To carry out such an attack on the United States Mr. Kim would need an intercontinental ballistic missile and a hydrogen bomb. Oops. He seems to have those already if not yet in a configuration that could actually get to the atmosphere above the US for detonation. To say that our retaliation would be severe is a gross understatement. It would be suicide. Unfortunately, Mr. Kim might be just the maniac who would do such a thing.

It is far from a certainty that such a nuclear detonation would cause a prolonged, widespread, and devastating power outage. Some manufacturers of industrial control systems and transformers report that their equipment has been tested and proven robust to such an electromagnetic pulse.

Overall, Mr. Kim has much work to do and a lot to consider before he could even attempt such an attack (footnote). For the moment we can rest easy – an EMP from a nuclear explosion will not be bringing America to its knees any time soon. However, as White House national security adviser HR McMaster said after the latest North Korean missile launch, the United States was running out of patience: “We’ve been kicking the can down the road, and we’re out of road.”

Roy Filly

Footnote (for the physics junkies, but read the last paragraph): From the Liu article:

The generic diagram below shows an EMP to consist of three phases (E1, E2 and E3) occurring over vastly different time scales.[2] Of these, E1 is the most damaging. The others are 100 times (at minimum) less damaging than the first.

Figure 1. The three phases of an EMP threat.

The E1 component of an EMP is a very brief but powerful electromagnetic field that can induce very high voltages in electrical conductors. Damage occurs by causing voltage limits in equipment to be exceeded and happens so fast that ordinary surge protectors cannot effectively protect computers and communications equipment. However, special transient protectors fast enough to suppress this part of an EMP exist and there has been significant progress in hardening critical systems against EMP.

Size Matters

This is an instance where size does matter: the larger the nuclear explosion, the larger the affected area. While technical reports and papers on EMP from nuclear detonations are mostly classified, there is a paper by D. Hafemeister of California Polytechnic Institute that provides sufficient detail to derive a simple rule of thumb on the relationship between affected distance and nuclear device yield. The paper makes some simplifying assumptions:

  • The detonation is spherically symmetric (which may not always be the case);
  • The Earth’s magnetic field is not accounted for;
  • Prompt gamma rays account for 0.3 percent of the total energy of the explosion and are emitted within the first 10 nanoseconds of detonation;
  • About 0.6 percent of the prompt gamma rays produce relativistic electrons that constitute the E1 component of the EMP; and
  • The electric field damage threshold is 15,000 volts/meter or higher in the E1 component.

Plugging in the numbers and presuming these assumptions are appropriate, the rule of thumb is surprisingly simple: D = Y, where D is the maximum damage distance expressed in kilometers and Y is the yield of the blast in kilotons. So, a 20 KT bomb detonated at optimum height would have a maximum EMP damage distance of 20 km; a 1 MT (1,000 KT) bomb would damage out to 1,000 km. The largest North Korean test to date has been estimated to be about 20 KT.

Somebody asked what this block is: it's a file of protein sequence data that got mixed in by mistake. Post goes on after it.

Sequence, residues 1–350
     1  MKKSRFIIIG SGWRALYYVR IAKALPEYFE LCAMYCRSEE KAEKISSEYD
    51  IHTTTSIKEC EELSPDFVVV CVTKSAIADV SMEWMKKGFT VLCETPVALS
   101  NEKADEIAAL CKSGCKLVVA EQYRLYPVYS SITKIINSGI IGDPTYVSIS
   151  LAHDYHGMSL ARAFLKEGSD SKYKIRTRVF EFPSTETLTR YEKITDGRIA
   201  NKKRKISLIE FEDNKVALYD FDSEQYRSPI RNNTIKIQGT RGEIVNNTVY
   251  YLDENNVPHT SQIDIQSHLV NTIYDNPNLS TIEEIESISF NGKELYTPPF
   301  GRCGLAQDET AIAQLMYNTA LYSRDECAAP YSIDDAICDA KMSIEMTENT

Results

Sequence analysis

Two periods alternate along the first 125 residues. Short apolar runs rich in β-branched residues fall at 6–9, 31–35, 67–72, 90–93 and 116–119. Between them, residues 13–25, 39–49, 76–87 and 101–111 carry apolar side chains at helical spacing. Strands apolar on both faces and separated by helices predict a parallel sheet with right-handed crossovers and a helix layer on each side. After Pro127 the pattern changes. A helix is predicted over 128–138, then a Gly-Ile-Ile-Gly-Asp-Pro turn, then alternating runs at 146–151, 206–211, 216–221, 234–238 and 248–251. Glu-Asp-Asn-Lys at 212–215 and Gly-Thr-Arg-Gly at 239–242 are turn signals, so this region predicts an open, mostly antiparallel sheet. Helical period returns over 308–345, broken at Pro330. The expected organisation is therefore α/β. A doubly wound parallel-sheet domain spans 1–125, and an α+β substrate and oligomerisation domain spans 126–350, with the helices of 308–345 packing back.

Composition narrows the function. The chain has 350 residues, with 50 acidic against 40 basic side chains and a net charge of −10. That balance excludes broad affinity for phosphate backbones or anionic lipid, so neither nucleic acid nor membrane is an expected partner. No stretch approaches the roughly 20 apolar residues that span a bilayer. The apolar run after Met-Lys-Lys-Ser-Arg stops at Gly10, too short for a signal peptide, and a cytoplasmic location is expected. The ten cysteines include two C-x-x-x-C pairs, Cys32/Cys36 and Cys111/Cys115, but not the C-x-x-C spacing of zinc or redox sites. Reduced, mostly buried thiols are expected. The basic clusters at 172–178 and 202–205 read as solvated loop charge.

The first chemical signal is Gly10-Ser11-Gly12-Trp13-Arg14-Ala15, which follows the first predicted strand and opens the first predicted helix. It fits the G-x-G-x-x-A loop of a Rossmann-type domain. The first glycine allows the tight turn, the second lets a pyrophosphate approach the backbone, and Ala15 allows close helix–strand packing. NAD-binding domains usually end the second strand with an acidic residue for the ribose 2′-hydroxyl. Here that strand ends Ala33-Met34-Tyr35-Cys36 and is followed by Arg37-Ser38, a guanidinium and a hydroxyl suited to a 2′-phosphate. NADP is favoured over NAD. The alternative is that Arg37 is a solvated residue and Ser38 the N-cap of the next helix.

Considering the physics behind EMP and the status of North Korea’s nuclear program to date, doomsday headlines in the press regarding the North’s potential EMP threat are grossly overstated.

North Korea’s nuclear tests have not yet demonstrated sufficient yield to cause damage to large areas through EMP. Moreover, with only a limited arsenal, it would not make sense for the North Koreans to conduct nuclear tests simply to develop EMP weapons.

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Politics in cartoon form.

My last few posts have been pretty heavy; time for some levity.

What more can one say. This cartoon is perfection!

The “debt ceiling” is an oxymoron. For those that argue it is a “bargaining chip,”  they should reexamine the last compromise (sequestration) Congress achieved in “debt ceiling negotiations.” It destroyed our military readiness and debt just kept mounting.

Give it up Democrats. There’s no “there there.” You’re just getting deeper into a hole. The latest revelations on “unmasking” by UN Secretary Powers and electronic eavesdropping on Paul Manafort that likely included the president-elect are embarrassing your party. Won’t you be surprised when Special Counsel Mueller indicts a bunch of Democrats instead of Republicans.

Democrat party paints itself into a corner over Russian hacking claim.

Face it. The Republicans are never going to get this done, cattle prod notwithstanding.

Again, Democrats. Your sidekicks, the “mainstream media” are starting to sound like petulant children. They’re reporting on face-lifts and high heels. Wake up – Americans no longer care that you are mad about losing the election.

I’ll finish with my favorite. Good Lord, woman. You have been trying to explain to the American public for nearly one year why it is you lost the election. We already know why you lost the election. THE VOTERS DIDN’T LIKE YOU.

Roy Filly